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Copenhagen 29 June 2004 1 Energy and climate outlook: Renewables in a world and European perspective Peter Russ.

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Presentation on theme: "Copenhagen 29 June 2004 1 Energy and climate outlook: Renewables in a world and European perspective Peter Russ."— Presentation transcript:

1 Copenhagen 29 June 2004 1 Energy and climate outlook: Renewables in a world and European perspective Peter Russ

2 Copenhagen 29 June 2004 2 Energy and Climate Change Aim: To support policy-making to mitigate conflicts between energy consumption and environmental and resource management issues –Security of supply, preservation of competitiveness –Kyoto Protocol: Legally binding commitments for the EU as a whole –Focus on EU but “problems” of global scale – =>POLES model

3 Copenhagen 29 June 2004 3 WETO: Energy outlook Climate policy impact Gas/oil case Technology cases World energy, technology and climate policy outlook 2030

4 Copenhagen 29 June 2004 4 Climate Change: Can Technology solve the problem? How much can emissions be reduced applying modern energy technology? Is nuclear power the solution? Or renewables ?  Technology Cases Disregarding any carbon abatement target: What is the role of autonomous technology development in carbon emission reduction? n World baseline energy projection + n plausible assumptions on energy technology development including hypothesis on capital costs, fuel costs, availability factors, fuel conversion efficiencies, etc.

5 Copenhagen 29 June 2004 5 Renewables Case

6 Copenhagen 29 June 2004 6 Impacts of the Technology Stories on electricity generation and CO2 emissions (Scenario as compared to Reference in % by 2030) World baseline projection by 2030 are 13730 MtC/year, to be compared with 6052 MtC/year in 1990. The most favorable scenario would yield 13050 MtC/year instead!

7 Copenhagen 29 June 2004 7 Summary Conclusions of the Technology Scenarios The Technology Stories offer NO PANACEAS for the CO2 problem mainly because: n They have been defined in terms of clusters affecting only a part of emerging energy markets. n Breaktroughs in demand technologies would produce more straightforward results but clusters are harder to identify. n Scenarios involving fossil fuel technologies while implying efficiency improvements also imply higher competitiveness via-a-vis less polluting or non-fossil technologies. n The magnitude of the world wide CO2 is such that is hard to see how technology could make a major impact if unassisted by more general policy measures

8 Copenhagen 29 June 2004 8 Scenario assumptions and implementation n Renewable premium on output n Different schemes and targets: n EU15, EU25, OECD n Electricity generation, primary energy n Combination with CO2 reduction target

9 Copenhagen 29 June 2004 9 Renewable Target for Primary Energy 4.7 cents/kWh

10 Copenhagen 29 June 2004 10 Renewable Technologies

11 Copenhagen 29 June 2004 11 Renewable Technologies 1.3 cents/kWh

12 Copenhagen 29 June 2004 12 Summary n Renewable penetration rates as discussed can be achieved at a cost of appr. 5 cents/kWh (OECD) n At this level of a subsidy, the Kyoto protocol targets for CO2 emission would be met. The cost is however much higher than in a scenario including all options. n Potential as subject to uncertainty, eg. Biomass competes with agriculture n Wind energy (onshore) at it’s limit

13 Copenhagen 29 June 2004 13 Technology Stories n The NUCLEAR Case assumes a breakthough in nuclear technology in terms of cost and safety n The COAL case involves major improvements in solid fuel burning technologies and especially affects the technico-economic characteristics of Supercritical Coal plants, Integrated Gasification Combined Cycles n The GAS case assumes availability of natural gas and introduces major technico-economic improvements for gas-turbine combined cycles and combined heat and power plants. Some improvements assumed for all gas turbine-related technologies. Additionally involves a breakthrough in fuel cell technologies n The RENEWABLE case implies a major effort and breakthroughs in Renewable Technologies, notably wind power, biomass gasification, solar thermal power plants, small hydro and photovoltaics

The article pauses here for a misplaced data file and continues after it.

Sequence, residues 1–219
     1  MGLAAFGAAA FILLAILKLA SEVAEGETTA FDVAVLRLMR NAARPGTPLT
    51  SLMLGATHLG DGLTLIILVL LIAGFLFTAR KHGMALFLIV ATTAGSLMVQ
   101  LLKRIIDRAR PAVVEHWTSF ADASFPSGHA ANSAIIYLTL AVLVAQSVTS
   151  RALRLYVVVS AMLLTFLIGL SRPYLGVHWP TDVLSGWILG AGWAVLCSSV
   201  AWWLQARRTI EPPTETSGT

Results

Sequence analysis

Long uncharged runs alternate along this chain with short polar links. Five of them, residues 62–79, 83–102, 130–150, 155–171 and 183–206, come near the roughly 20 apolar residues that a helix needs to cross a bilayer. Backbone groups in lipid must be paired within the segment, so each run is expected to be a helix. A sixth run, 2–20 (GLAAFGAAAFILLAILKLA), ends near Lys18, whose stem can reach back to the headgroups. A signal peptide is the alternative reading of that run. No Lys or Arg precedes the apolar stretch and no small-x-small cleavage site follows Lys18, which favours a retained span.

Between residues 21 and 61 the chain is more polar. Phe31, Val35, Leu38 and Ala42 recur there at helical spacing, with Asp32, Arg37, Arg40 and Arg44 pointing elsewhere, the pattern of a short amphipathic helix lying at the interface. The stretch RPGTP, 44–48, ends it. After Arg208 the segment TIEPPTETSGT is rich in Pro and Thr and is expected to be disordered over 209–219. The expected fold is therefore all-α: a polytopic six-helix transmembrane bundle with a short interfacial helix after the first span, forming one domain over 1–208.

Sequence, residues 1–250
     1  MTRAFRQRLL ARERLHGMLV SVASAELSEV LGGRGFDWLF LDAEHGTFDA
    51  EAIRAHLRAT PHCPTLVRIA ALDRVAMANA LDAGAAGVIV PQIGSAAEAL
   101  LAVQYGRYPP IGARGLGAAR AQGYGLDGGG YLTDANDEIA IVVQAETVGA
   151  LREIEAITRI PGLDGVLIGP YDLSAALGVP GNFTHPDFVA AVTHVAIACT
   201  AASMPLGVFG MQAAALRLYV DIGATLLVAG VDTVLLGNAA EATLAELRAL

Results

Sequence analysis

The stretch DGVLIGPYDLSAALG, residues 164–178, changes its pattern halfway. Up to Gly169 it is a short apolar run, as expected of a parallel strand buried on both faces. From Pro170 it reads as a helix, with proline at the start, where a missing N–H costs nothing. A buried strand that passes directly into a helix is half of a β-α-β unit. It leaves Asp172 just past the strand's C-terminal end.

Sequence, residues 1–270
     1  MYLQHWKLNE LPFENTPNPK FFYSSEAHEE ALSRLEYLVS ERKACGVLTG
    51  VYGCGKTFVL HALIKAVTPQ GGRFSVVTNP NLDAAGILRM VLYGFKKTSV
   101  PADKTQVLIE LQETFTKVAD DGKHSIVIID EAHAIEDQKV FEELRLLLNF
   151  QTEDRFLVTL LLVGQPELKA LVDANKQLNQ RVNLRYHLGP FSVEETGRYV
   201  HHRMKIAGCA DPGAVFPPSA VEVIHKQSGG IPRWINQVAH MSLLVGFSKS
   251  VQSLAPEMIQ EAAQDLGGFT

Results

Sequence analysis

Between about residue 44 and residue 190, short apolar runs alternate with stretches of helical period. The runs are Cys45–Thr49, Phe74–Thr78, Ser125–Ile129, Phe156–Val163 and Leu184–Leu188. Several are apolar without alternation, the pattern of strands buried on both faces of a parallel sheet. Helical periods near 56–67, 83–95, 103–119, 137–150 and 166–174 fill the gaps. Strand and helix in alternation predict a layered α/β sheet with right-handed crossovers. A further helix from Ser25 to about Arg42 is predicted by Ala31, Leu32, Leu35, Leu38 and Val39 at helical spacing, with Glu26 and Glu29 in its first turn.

14 Copenhagen 29 June 2004 14 Energy and industrial GHG emissions scenarios v Global energy/carbon emission scenarios v World-wide assessment of carbon abatement flexible mechanisms, and carbon-equivalence among greenhouse gases v Techno-economic assessment of mitigation policies v Long term prospects for climate-protection policies. Integrated assessment applied to post-Kyoto negotiation processes. v Intra-European analysis of the carbon emission permit markets: flows and prices within the Kyoto timeframe. v Regional forecasts and analyses (technology options, emission abatement potential etc): Mediterranean, Latin America, Energy-exporter countries. v Participation in multilateral energy forecasts comparative exercises (IEA, US DoE, Canada, IIASA, Japan).

15 Copenhagen 29 June 2004 15 Energy Technology Modelling Scenarios v Energy technology data bases (costs, emissions, efficiencies, market share). v Monitoring and harmonization of external costs estimates. v World energy technology outlook 2030. Identify main trends in energy markets and the changes in energy technology portfolio. v Dynamics of energy technology development (RTD effect, learning curves, etc) in order to setup energy RTD priorities. v Prospective analyses of specific energy technology clusters (hydrogen, renewables, alternative fuels, etc) v Maintenance of a legal and administrative database concerning renewable energy v Economic prospectives of energy provision (Security of supply and energy technology, impact of supply shocks)

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